To Katahdin… and Beyond! We Did It
On Sept. 16, 2018, we summited Mount Katahdin and concluded the most surreal, beautiful, and challenging experience of our lives.
The last day felt like a dream. The five-mile stretch to Katahdin’s summit was spent passing hikers wed spent the better part of the past 1,000 miles with, all exchanging congratulatory high-fives and hugs.
I remember my heart racing as the infamous sign’s silhouette revealed itself through the fog.
I remember tears falling freely as my hands finally met its weathered surface.
We sat for a long while watching bits of blue sky break through the clouds above us, and openings in the fog expose a new, incredible landscape every few moments.
Just 24 hours later, we found ourselves at the Katahdin Inn continental breakfast. All joking about where the next water source is and how strange everyone looks dressed in their clothes from home vs. the hiker laundry day attire of rain gear and hotel towels that weve all grown so accustomed to. The laughs settle into a silence over our waffles.
So… what now?
A single question containing a million possibilities.
Its an intimidating question without a doubt, but with the momentum of what weve just accomplished, Im ready to make the most of it.
First things first. Heal
Ive asked a lot from my body these past six months. More than Ive ever asked before. It provided. Now, I’m excited to go home and provide for it.
Every joint is creaky. Every muscle is sore. My skin has been covered in scrapes, bites, and rashes for months. My stomach feels shaky and energy feels low from living off Snickers and ramen noodles for a majority of this hike.
Im planning on continuing to build the calluses on my feet by sticking to barefoot shoes in my day-to -day life. Im also going to rebuild the strength in my hands through massage therapy, playing music, and building the foundation for Nugget’s and my homestead. We built our first chicken coop this past weekend.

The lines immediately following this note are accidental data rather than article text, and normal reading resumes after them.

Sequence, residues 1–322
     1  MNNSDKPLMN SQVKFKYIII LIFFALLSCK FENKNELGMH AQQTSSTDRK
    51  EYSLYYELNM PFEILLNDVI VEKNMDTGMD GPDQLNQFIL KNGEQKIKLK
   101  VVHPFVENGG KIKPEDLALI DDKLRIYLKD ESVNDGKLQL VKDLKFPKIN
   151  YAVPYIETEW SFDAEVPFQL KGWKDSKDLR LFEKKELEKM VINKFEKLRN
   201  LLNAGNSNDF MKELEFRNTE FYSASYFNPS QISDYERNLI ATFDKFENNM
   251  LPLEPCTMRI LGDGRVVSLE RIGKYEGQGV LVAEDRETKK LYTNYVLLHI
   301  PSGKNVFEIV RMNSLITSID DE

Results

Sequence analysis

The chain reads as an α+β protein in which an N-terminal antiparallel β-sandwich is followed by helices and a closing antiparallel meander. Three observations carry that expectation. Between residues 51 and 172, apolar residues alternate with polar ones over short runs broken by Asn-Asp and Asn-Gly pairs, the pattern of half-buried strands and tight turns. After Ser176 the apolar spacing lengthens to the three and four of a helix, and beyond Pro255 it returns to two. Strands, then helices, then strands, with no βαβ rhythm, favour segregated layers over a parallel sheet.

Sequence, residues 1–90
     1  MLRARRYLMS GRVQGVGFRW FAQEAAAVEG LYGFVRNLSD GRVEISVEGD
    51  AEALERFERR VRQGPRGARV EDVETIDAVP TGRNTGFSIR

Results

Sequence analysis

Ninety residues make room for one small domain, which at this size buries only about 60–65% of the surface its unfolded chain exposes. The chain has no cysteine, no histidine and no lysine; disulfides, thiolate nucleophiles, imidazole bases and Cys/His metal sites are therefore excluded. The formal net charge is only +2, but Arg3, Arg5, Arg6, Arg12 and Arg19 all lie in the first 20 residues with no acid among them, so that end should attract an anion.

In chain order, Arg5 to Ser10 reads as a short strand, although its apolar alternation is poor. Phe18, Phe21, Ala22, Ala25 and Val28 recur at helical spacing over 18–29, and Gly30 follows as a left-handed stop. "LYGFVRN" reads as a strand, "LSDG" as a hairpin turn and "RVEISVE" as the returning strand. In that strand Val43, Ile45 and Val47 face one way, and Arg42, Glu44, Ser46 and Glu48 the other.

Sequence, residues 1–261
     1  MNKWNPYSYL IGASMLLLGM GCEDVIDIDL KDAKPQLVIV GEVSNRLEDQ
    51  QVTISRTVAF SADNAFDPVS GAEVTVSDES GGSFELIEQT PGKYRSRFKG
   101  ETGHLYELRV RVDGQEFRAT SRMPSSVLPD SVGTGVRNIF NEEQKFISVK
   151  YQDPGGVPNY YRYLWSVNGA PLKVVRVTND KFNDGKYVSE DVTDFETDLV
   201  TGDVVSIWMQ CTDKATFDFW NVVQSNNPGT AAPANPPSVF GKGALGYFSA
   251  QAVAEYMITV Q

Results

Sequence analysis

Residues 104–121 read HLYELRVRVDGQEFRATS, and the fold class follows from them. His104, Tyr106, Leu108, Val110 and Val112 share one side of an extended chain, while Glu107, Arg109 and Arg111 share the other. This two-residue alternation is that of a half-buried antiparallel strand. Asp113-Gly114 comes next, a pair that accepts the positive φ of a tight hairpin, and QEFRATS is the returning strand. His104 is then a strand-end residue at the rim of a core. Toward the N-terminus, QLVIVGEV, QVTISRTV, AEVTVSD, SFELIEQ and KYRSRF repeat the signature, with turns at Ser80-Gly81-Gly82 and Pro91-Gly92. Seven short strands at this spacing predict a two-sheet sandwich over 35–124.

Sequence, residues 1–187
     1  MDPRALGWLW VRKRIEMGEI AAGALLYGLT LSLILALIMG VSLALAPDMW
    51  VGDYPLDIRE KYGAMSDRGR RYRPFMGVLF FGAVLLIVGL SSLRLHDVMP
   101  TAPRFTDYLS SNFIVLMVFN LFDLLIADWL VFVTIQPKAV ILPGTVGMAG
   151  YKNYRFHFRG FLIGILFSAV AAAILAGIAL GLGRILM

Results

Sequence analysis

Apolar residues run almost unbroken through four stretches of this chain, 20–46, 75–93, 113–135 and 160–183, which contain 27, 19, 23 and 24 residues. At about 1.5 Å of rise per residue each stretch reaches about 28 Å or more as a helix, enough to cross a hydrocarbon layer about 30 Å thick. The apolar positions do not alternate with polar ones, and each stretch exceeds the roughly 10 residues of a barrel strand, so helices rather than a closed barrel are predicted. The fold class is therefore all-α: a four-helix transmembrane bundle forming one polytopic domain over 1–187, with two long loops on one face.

Despite the fact that everything hurts, my feet, legs, and core have never felt more powerful. I want to keep this new muscle mass, while restrengthening my upper body through yoga and a series of natural movement-based exercises.
Were also back to making our weekly batches of bone broth, kombucha, and eating as many living greens as we can to heal our guts.
Living off of ten pounds on my back for so many months, over so many miles, and through so many situations has been incredibly eye opening for me.
Ive never lived with less or felt more alive.
Minimalism (essentialism, simple living, or whatever else you want to call it) was one of the shifts in perspective that allowed me to hike the Appalachian Trail in the first place. Just building that kind of intention with my belongings brought clarity to both my living space and mental space, helped me pay my debts, save for the hike, and helped me realize that hiking the trail was something I was truly passionate about.
Not just surviving, but being happy with only what I could carry was something that I was excited to experience, but it was honestly even better than I hoped it would be.
I loved being free from the weight of physical belongings, along with not getting swept away by constant distractions. Not feeling the need to check my phone, spend hours streaming shows, or stretch myself too thin with work projects that dont align with my goals.
I dont feel drawn to those habits after spending so much time away from them, and I plan to keep it that way. Im going to create the same kind of breathing room trail life had in my day-to-day life.
This hike has taught me that people are far more powerful than they realize.
Realizing the potential each day and each person holds, combined with the momentum of achieving a life goal of mine, has me feeling ready to tackle even my non-hiking-related dreams.
Although I didnt write publicly as much as I intended to during my hike, I journaled each and every day, and I do intend to share my experiences as time goes on. Ill be sharing through posts, through pictures, and through videos.
Im going to delve deeper into my understanding of health and wellness, continue to strengthen my connection to nature, and of course, start putting together a plan to thru-hike the Pacific Crest Trail.
Thank you to anyone and everyone who took part in our journey. The trail wouldnt be what it is without you.
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